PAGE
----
Tabloid risk pays off

By Sarah Lagan

The Belfast Telegraph has set a precedent for regional evening
newspaper publishing after posting a 0.5 per cent year-onyear
circulation increase following the launch of a tabloid morning edition
in March. This compares with a 12.9 per cent year-on-year drop a year

Editor Ed Curran said: “The evening newspaper market has been
particularly difficult in having availability across the whole area but
if you have a morning edition you can provide for those readers in the
most far-reaching areas.

“Papers have a limited shelf life and Northern Ireland is quite rural. Some might not get their copy until 5pm and the value of a morning gives readers a choice virtually from morning to night.”

Manchester Evening News also turned around its circulation by launching
a morning edition at the end of last year. And giving away a free Lite
edition to boost readership does not appear to have harmed its paid-for

Circulation was down 1.8 per cent year-on-year compared with a 7.4 per cent drop six months ago.

the regional evening market just three papers put on actively purchased
sales year-on-year: the east edition of the Carlisle News and Star was
up 2.8 per cent to 18,610; The Belfast Telegraph up 0.5 per cent to
86,004; and the Hartlepool Mail fractionally up from 20,873 a year ago
to 20,897.

Six months ago, seven out of 82 regional evenings put on sales.

Evening Chronicle, Newcastle, was one of the better performing big city
papers with a slight fall of just 0.8 per cent on actively purchased

According to editor Paul Robertson, circulation was helped by improvements in its direct home delivery.

daily sales information allowed the paper to react quickly.A dramatic
redesign at the Evening News in Norwich in January was aimed at
attracting a younger, female midmarket readership, but according to
marketing director Philip Preston, they have not come on board as
quickly as expected. The pace of circulation decline has doubled from
4.7 to 9.9 per cent. The redesign included less focus on breaking news
in the print version and the introduction of “news shots” at the start
of leads, along with a more analytical approach to news.

attributed some of the decline to Norwich City winning the Championship
last year, which boosted circulation for that period.

in the redesign have been drawn with The Argus in Brighton, which went
through a similar style relaunch in February 2004. Six months ago The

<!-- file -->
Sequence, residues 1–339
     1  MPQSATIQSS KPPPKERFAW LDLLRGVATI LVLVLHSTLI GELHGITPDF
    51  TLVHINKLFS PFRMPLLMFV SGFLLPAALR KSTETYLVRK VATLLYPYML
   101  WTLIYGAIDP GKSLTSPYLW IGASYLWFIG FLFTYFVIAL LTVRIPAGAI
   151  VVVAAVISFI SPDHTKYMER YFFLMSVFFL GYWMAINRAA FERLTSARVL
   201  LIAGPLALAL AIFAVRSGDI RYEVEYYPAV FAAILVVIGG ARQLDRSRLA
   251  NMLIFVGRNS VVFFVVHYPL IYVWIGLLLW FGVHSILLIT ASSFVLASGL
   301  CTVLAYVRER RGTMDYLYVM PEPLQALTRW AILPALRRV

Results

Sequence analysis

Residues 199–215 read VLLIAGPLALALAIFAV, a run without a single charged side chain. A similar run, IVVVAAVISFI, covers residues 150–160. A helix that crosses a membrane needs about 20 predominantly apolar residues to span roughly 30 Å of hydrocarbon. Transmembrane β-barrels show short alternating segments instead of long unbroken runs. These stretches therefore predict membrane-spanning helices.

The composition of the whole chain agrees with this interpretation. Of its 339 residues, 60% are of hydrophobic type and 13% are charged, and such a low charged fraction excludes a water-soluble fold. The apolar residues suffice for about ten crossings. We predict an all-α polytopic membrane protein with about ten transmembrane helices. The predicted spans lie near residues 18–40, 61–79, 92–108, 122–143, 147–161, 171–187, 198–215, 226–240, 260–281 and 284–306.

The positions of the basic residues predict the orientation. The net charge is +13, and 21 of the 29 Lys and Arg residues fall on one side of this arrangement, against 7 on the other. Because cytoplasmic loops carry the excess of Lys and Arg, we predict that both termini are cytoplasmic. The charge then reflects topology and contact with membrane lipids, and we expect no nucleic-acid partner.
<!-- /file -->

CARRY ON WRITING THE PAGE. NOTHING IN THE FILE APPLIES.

Argus was down 9.7 per cent year-on-year. This time it was down a
dramatic 11.1 per cent to 36,102.

Editor Michael Beard said that
looking ahead, there would be more community news in the paper, much of
which had been dropped as part of the redesign, and more coverage of
Brighton and Hove.

He said: “We want to become more closely
connected to our community and we have a number of other plans, both
internally and externally, that will address the climate we have

Northcliffe’s lowest selling evening title, The Bath
Chronicle, was down again by 7.2 per cent to 14,663, compared to an 8.2
per cent drop last year.

Editor David Gledhill left in June after 11 years, reportedly after resisting proposals to turn it from a daily into a weekly.

Lancashire Evening Post was hit with a 10.3 year-on-year decrease to
37,145. Editor Simon Reynolds said: “The sales of the LEP have been
impacted by our decision to tighten our procedures to reduce bad debts
on the direct delivered sale. The retail sales figure was Monday to
Saturday -2.0 per cent.”

According to the Doncaster Star, the stripping out of bulk sales contributed to its a 23.8 per cent decrease.

News & Star East was the fastest growing evening paper in the
country with a 2.8 per cent rise to 18,610. Figures had been split from
the West of Cumbria edition, which dropped four per cent to 7,964.

Keith Sutton, who retires in three months, put much of the success down
to bringing the first editions forward, which he claims instantly put
on sales. “Many thought it was a short term gain but we have retained
the readers, which is staggering.”

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